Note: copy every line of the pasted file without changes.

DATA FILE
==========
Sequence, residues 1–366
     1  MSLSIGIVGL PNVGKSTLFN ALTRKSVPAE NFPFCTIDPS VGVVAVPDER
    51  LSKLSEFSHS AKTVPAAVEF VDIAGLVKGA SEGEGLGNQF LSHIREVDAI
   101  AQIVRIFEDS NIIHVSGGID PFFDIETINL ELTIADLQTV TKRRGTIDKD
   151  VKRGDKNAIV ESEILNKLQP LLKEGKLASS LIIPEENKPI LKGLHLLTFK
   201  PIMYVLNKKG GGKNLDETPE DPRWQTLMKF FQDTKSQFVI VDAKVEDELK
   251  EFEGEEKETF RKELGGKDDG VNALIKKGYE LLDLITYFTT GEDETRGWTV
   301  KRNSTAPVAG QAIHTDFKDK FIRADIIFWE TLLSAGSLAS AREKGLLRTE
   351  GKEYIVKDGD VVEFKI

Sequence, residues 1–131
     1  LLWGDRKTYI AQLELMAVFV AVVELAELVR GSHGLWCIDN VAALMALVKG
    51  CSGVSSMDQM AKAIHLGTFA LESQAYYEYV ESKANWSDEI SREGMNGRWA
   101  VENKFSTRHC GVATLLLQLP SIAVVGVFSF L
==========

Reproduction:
Sequence, residues 1–366
     1  MSLSIGIVGL PNVGKSTLFN ALTRKSVPAE NFPFCTIDPS VGVVAVPDER
    51  LSKLSEFSHS AKTVPAAVEF VDIAGLVKGA SEGEGLGNQF LSHIREVDAI
   101  AQIVRIFEDS NIIHVSGGID PFFDIETINL ELTIADLQTV TKRRGTIDKD
   151  VKRGDKNAIV ESEILNKLQP LLKEGKLASS LIIPEENKPI LKGLHLLTFK
   201  PIMYVLNKKG GGKNLDETPE DPRWQTLMKF FQDTKSQFVI VDAKVEDELK
   251  EFEGEEKETF RKELGGKDDG VNALIKKGYE LLDLITYFTT GEDETRGWTV
   301  KRNSTAPVAG QAIHTDFKDK FIRADIIFWE TLLSAGSLAS AREKGLLRTE
   351  GKEYIVKDGD VVEFKI

Sequence, residues 1–131
     1  LLWGDRKTYI AQLELMAVFV AVVELAELVR GSHGLWCIDN VAALMALVKG
    51  CSGVSSMDQM AKAIHLGTFA LESQAYYEYV ESKANWSDEI SREGMNGRWA
   101  VENKFSTRHC GVATLLLQLP SIAVVGVFSF L